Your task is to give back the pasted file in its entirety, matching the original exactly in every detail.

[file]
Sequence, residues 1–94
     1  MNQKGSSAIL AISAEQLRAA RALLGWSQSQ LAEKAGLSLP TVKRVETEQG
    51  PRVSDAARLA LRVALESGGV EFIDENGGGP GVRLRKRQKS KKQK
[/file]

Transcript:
Sequence, residues 1–94
     1  MNQKGSSAIL AISAEQLRAA RALLGWSQSQ LAEKAGLSLP TVKRVETEQG
    51  PRVSDAARLA LRVALESGGV EFIDENGGGP GVRLRKRQKS KKQK